I would recommend taking this approach to your attempts at trying something new. You are likely to try something that you think will be engaging, fulfilling, and invigorating. But what if it isn’t? What if the thing you have tried is dull and uninteresting to you? Should you hang your head in failure and not try anything else because of this “bad” outcome? Absolutely not! Instead, I would encourage you to focus on what you learned from this experience.
For one, you crossed one potential activity off of your list and that means that the odds of one of the remaining items being successful has now increased. You know that this attempted thing is not going to work for you for whatever reason. If you can identify why it was not a good fit for you, you can apply that knowledge to the next activity that you choose.
The main thing is for us not to get discouraged and give up on our pursuit if we “fail.” We can learn from our attempt and apply that new understanding as we continue moving forward.
New perspectives on old stuff
Another benefit to trying new things is that it provides us with new perspectives. We can learn new things about ourselves, our interests, our capabilities and limits, and the world around us. The really great aspect about trying new things is that it can lend a new luster to the other things in our lives. Even that thing which has become dull and routine for us can have new life breathed into it by the fresh outlook that newness can bring.
In this way, the benefits of challenging yourself to try and learn new things is twofold. On the one hand we have the obvious direct benefits of the effort made and the enjoyment that can come from new pursuits. On the other hand you have a generalizing effect where all other areas of your life will enjoy the spillover benefits of these efforts. This is the value of living a balanced life. We are better able to handle setbacks and stresses when we are feeling fulfilled in all areas of our lives.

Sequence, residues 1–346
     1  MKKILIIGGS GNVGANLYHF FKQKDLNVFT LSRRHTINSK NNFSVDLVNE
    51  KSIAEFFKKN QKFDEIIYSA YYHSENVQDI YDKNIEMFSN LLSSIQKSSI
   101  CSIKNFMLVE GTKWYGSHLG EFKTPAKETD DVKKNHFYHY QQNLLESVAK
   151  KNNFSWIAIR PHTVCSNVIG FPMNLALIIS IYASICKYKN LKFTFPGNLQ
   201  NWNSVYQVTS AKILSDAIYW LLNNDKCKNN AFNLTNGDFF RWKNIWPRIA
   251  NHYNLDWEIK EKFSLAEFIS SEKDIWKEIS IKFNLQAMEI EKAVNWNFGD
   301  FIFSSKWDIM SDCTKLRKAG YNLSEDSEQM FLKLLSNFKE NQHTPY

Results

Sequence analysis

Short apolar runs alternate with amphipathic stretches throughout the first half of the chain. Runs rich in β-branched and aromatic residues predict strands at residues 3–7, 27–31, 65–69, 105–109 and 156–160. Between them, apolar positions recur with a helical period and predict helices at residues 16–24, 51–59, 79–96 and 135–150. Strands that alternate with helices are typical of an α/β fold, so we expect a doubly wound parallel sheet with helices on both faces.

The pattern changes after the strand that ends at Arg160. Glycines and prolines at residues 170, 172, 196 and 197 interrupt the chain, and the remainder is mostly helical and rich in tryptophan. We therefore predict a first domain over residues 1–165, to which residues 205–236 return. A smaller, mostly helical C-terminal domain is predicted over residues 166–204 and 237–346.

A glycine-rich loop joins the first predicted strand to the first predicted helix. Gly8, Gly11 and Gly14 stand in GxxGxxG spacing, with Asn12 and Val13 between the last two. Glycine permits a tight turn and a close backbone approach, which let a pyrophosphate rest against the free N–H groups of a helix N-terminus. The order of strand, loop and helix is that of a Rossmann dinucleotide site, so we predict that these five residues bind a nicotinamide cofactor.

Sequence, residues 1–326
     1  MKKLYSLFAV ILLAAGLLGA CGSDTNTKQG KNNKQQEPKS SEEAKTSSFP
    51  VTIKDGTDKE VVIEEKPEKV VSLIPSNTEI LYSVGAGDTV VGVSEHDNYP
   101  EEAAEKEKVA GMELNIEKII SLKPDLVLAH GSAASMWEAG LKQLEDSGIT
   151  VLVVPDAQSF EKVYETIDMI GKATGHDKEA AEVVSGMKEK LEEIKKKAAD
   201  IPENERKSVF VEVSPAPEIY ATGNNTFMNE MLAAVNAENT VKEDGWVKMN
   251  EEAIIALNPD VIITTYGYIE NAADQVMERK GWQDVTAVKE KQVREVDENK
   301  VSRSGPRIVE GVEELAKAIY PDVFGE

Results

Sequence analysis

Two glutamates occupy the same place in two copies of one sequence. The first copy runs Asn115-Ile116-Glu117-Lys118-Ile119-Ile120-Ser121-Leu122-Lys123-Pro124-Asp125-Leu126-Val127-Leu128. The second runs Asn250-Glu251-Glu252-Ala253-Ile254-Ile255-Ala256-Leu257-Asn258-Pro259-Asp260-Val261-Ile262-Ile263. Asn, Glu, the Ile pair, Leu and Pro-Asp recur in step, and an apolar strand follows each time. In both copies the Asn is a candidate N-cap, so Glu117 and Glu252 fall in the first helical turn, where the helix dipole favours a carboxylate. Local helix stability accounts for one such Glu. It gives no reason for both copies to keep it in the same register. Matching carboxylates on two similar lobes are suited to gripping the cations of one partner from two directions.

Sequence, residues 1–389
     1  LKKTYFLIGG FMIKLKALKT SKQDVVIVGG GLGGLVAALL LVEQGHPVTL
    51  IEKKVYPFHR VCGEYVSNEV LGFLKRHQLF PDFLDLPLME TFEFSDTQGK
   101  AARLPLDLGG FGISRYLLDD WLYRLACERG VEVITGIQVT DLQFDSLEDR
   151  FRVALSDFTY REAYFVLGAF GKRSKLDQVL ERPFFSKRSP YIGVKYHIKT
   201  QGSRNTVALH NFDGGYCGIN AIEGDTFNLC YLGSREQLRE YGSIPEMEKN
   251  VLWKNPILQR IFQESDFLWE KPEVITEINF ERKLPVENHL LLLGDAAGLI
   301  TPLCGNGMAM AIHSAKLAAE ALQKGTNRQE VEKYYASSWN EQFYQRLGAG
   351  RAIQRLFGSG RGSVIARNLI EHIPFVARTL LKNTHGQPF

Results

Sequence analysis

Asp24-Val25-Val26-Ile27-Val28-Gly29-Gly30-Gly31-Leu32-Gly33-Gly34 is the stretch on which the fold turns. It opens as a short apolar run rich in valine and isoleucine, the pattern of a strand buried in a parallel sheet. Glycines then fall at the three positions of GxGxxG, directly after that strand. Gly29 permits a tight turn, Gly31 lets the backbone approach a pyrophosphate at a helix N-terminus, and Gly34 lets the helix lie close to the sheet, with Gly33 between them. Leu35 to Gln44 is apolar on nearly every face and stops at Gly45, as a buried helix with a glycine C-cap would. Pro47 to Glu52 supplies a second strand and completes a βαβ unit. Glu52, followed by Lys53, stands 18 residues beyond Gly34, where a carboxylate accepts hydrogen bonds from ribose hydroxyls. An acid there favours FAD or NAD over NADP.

So what to try?
If you are with me in seeing the benefits of taking on new challenges but are unsure of what exactly to do, I’ve got some good news for you: there are no wrong answers. You can literally try anything. As we discussed in the “failure is always an option” section, even efforts that do not succeed are beneficial. It is more about the process of attempting new things as opposed to the outcomes.
Keeping in mind that the process is the more important factor, I did want to give you some ideas as far as specific things you could try.
- Pursue an active activity: try a new sport (or resume playing one that you used to play), go on a hike, go for a bike ride, get into a daily walking routine, etc.
- Get into a hobby: paint, learn an instrument, go to an art museum to learn about art, tour a winery to learn about wine making, take a pottery class, get a camera and start photography, learn to play chess (or checkers if that is more your speed), take up adult coloring, get into cosplay, learn to juggle, fish, read comic books, etc. (more ideas at: https://en.wikipedia.org/wiki/List_of_hobbies)
- Find an opportunity to volunteer: at your local food bank, a local soup kitchen, hospitals, the Red Cross, United Way, a local school, library, YMCA, an animal rescue facility, etc.
- Take on a challenge: commit to a 5k run, start a blog, write a book, learn to cook, take a college course, etc.
In taking on something new, recall that ideally there is a balance between challenge and enjoyment. In fact, there is even a term for this ideal state when undertaking a new venture and it is called flow. Flow is a term that is widely used in positive psychology and refers to the state where one is fully immersed in and absorbed by what they are doing due to an ideal balance between challenge and pleasure. As defined by Mihály Csíkszentmihályi (I dare you to try to say that one out loud!), flow is a state of mind associated with both physical and mental health benefits.
- Our cognitive ability is enhanced by providing novel challenges to our brain.
- Tackling new challenges prevents life from getting stale and dull.
- Any attempt at new things is successful even if it ends up being a “failure.”
- The process is more important than the outcome.
- Flow is the state where we are absorbed by the challenge that we are taking on and this is a very healthy state of mind.